Nursing care plan TRANSPLANTATION CONSIDERATIONS POSTOPERATIVE AND LIFELONG

I. Procedure
a. Transfer of whole or partial organs—including heart, lung,
kidney, liver, pancreas, and intestines—and tissues or cells
from one location to another
b. Long considered experimental, heart and other transplant
procedures are successfully moving to domain of conventional
therapy; however, others, such as hand and limb
transplants, are still at the experimental stage
c. Bone, bone marrow, heart valve, cartilage, vein, pancreatic
islet, cornea, and stem cell transplantations are also performed
on a daily basis (Sharma & Unruh, 2006).
i. Stem cell use is being investigated for treating a wide
range of diseases, tissue damage, or both.
ii. Two types of stem cells: human embryonic stem cells
(hES) and adult somatic stem cells (ASSC), which is
the source currently being used (Sullivan &
Schoonover-Shoffner, 2007)
d. Major concerns (Workman, 2006)
i. Immunological response of the client to donor tissues and
the ability of the immune system to distinguish self from
nonself leading to rejection of the transplant
ii. Special considerations necessitate meticulous measures
to prevent infection and identify early signs of rejection.

II. Types—characterized according to the genetic relationship
between the donor and recipient or the anatomical site of the
implantation
a. Genetic relationship characterized into four classes (Sharma
& Unruh, 2006)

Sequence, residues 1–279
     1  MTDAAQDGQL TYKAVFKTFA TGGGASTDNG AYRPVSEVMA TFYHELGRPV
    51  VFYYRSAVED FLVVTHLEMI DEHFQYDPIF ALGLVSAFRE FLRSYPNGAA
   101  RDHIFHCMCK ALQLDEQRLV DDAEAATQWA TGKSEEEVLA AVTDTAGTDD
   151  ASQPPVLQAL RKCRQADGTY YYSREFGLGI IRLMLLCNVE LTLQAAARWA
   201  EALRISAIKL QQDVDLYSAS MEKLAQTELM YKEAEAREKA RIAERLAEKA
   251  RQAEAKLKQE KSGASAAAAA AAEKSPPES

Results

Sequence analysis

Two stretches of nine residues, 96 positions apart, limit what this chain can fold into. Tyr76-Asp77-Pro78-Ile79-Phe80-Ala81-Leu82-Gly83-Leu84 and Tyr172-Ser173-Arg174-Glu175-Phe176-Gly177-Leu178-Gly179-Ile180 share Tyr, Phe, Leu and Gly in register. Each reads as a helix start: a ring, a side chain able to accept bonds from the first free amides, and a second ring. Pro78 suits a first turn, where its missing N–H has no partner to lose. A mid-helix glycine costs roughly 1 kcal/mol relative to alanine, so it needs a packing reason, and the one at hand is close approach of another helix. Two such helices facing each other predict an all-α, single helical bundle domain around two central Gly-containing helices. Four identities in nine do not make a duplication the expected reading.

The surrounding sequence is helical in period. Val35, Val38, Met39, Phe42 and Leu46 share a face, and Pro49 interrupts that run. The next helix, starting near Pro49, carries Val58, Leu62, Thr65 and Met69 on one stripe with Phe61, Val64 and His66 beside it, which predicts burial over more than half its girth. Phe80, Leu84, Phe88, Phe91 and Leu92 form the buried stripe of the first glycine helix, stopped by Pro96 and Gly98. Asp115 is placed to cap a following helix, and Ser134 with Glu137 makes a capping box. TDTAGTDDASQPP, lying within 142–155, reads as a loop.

i. Autograft
ii. Isograft or syngeneic graft
iii. Allograft or homograft
iv. Xenograft or heterograft
b. Site of implantation (Sharma & Unruh, 2006)
i. Orthotropic: tissue implanted in the anatomically correct
position
ii. Heterotopic: relocation of the implant at a site different
from the normal anatomy

III. Statistics (U.S. Organ and Procurement Network [OPTN],
2006)
a. Morbidity: In 2006, 28,291 transplants were performed
in all categories—heart, lung, kidney, pancreas, liver,
intestine, and multi-organ—in the United States; kidney
transplant is the most common (greater than16,000),
followed by liver (greater than 6,000) and heart
(greater than 2,100).
b. Mortality: Dependent on type of transplant, level of match
and human leukocyte antigen (HLA) status, recipient’s
age at transplant, preoperative condition, presence of
comorbidities (Parimon et al, 2005); in 2005, the 90-day
mortality for a live donor kidney was 0.7%; intestinal
transplant, 8.6% (U.S. Department of Health and Human
Services [USDHHS], 2007).
c. Cost: Varies according to procedure; estimated average
first-year medical charges per transplant episode for
kidney, $246,400; heart, $658,800; intestine, $908,600
(Hauboldt, 2007).

Care Setting
Post-intensive care unit (ICU) plan of care addresses early
recovery and long-term postdischarge community or clinic
follow-up phases.

Related Concerns
Refer to (1) specific surgical plans of care for general considerations
(e.g., cardiac surgery) and (2) organ-specific plans
(e.g., heart failure, renal failure, cirrhosis, hepatitis) relative to
issues of target organ problems following transplantation.
Peritonitis
Psychosocial aspects of care
Sepsis/septicemia
Surgical intervention
Thrombophlebitis: deep vein thrombosis

Nursing Priorities
1. Prevent infection.
2. Maximize organ function.
3. Promote independent functioning.
4. Support family involvement and coping.

Discharge Goals
1. Free of signs of infection.
2. Signs of rejection absent or controlled.
3. New organ function adequate.
4. Usual activities resumed.
5. Client and family education plan established.
6. Plan in place to meet individual needs following discharge.
Risk factors

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